(ii) The Complainant submits that the Respondent has used the SWAROVSKI Marks in the Domain Name so as to cause confusion among Internet users between the Domain Name and the Swarovski approved websites. Internet users who intend to purchase Swarovski products online may type “swarovskiaustria” into the address bar on their web browser, as a reference to Swarovski jewelry in Austria and be directed to the Domain Name. The Complainant states that this type of initial interest confusion or diversion of traffic is illegal because it wrongfully capitalises on the Complainant’s goodwill in the SWAROVSKI Marks to divert Internet traffic to the Domain Name. The decision of Ticketmaster Corporation v. Polanski, WIPO Case No. D2002-0166 (April 8, 2002) was cited as a supporting authority.
(iii) The Complainant submitted that the addition of the term “austria” as a suffix to the SWAROVSKI Marks does not lessen the confusing similarity between the Infringing Domain Name and the Complainant’s mark. This is because Swarovski is a famous Austrian family business, which has been operating in Austria since 1895 and the Complainant operates a number of shops throughout Austria.
(iv) Finally the Complainant submitted that previous panels have also held that a domain name is confusingly similar to a trademark when the domain name incorporates the mark in its entirety.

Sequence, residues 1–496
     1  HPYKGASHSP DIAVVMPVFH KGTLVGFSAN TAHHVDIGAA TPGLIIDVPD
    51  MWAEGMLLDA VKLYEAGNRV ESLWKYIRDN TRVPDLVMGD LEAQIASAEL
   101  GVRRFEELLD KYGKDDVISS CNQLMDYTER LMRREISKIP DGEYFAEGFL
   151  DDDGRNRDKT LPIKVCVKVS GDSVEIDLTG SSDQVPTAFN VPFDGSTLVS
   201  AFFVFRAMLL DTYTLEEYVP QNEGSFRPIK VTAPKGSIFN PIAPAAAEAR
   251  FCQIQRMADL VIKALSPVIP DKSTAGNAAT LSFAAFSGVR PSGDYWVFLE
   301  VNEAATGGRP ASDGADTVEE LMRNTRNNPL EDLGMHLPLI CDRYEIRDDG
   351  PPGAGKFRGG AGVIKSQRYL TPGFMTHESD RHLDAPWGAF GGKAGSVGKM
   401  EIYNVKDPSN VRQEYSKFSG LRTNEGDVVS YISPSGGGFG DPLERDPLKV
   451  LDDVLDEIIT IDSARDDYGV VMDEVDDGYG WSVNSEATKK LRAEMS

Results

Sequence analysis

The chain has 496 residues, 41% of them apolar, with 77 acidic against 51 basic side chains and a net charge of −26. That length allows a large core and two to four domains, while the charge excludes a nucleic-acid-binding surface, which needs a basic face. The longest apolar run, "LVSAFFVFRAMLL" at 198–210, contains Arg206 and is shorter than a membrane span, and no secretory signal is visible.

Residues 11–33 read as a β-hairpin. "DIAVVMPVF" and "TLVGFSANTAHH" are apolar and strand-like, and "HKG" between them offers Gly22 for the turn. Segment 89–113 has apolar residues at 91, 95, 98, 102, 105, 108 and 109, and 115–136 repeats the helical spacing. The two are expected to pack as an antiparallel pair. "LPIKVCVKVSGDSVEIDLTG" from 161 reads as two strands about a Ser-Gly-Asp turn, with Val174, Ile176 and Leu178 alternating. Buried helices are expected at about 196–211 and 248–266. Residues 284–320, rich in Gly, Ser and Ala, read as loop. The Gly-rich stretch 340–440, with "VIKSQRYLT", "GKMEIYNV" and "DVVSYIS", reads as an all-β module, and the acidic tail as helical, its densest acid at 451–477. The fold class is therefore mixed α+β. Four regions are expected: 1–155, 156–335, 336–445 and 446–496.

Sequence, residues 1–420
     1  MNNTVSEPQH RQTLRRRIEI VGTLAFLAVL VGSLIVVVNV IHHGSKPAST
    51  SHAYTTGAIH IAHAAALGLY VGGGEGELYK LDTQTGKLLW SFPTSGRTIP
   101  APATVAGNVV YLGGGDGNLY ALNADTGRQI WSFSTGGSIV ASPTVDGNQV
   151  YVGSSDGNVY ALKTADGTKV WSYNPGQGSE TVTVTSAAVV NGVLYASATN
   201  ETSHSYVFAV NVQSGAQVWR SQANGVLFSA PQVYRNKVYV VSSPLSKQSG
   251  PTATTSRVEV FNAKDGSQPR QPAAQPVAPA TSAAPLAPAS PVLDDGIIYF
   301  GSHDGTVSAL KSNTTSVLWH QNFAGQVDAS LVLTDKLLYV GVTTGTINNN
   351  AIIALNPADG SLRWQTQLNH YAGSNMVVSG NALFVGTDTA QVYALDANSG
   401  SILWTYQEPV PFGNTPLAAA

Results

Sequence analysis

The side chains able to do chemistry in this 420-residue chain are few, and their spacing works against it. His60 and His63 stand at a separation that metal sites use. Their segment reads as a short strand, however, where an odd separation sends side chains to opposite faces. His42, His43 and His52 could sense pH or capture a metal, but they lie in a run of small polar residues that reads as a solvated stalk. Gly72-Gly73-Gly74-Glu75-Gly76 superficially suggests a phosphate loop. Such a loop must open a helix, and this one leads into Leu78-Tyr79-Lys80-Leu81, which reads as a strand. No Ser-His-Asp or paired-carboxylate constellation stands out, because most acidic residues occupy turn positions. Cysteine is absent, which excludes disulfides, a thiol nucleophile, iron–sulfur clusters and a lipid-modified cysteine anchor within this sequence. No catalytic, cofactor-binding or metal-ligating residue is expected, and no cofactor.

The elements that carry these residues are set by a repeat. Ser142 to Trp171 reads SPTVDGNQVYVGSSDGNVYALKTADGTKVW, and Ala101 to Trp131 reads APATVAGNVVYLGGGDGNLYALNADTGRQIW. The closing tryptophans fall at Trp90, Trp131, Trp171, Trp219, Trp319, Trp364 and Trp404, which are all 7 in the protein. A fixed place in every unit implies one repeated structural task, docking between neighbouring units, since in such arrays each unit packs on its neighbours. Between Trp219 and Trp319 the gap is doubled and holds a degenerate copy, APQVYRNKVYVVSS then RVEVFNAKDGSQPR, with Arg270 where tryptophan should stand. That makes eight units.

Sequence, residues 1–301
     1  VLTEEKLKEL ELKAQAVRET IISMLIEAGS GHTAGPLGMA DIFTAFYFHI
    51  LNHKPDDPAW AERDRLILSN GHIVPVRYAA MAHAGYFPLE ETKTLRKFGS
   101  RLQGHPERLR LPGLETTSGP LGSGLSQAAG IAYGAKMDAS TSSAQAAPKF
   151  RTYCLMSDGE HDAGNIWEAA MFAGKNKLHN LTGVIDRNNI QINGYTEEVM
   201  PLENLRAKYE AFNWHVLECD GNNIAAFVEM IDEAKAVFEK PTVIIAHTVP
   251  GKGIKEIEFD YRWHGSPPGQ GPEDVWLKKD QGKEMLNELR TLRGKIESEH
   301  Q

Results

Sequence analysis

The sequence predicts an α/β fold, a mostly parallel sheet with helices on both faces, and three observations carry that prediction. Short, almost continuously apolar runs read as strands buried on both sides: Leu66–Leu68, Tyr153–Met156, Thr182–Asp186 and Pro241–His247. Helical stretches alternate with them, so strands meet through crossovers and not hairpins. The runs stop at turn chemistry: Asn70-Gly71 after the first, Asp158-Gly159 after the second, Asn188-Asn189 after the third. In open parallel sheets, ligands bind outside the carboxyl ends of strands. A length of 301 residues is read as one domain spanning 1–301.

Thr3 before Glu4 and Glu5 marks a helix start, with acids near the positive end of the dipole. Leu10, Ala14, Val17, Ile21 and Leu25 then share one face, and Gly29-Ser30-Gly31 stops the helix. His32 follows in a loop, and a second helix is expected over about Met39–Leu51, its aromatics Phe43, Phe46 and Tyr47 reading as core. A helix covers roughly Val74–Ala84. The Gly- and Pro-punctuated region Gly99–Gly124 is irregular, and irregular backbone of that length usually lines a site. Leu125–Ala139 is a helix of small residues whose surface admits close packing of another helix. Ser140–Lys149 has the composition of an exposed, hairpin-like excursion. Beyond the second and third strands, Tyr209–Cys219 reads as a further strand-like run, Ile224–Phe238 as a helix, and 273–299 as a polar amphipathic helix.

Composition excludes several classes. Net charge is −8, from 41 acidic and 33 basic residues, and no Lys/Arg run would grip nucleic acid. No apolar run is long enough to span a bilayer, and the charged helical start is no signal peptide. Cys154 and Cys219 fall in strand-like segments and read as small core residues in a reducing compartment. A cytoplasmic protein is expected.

5.2 The Complainant contends that the Respondent has no rights and legitimate interests in the Domain Name for the following reasons:
(i) The Respondent has no connection or affiliation with Swarovski and has not received any license. The Respondent has never been known by the Domain Name and has no legitimate interest in the SWAROVSKI Marks or the name “Swarovski”. The Complainant has never licensed or given authorization of any other kind to the Respondent to use the SWAROVSKI Marks.
(ii) The Respondent’s sale of purported Swarovski products demonstrates that he is not making a bona fide offering of goods or services, nor does he have a right or legitimate interest.
(iii) The Respondent’s use does not satisfy the test for bona fide use established in prior UDRP decisions. The Respondent does not use the Domain Name in connection with the bona fide offering of goods or services.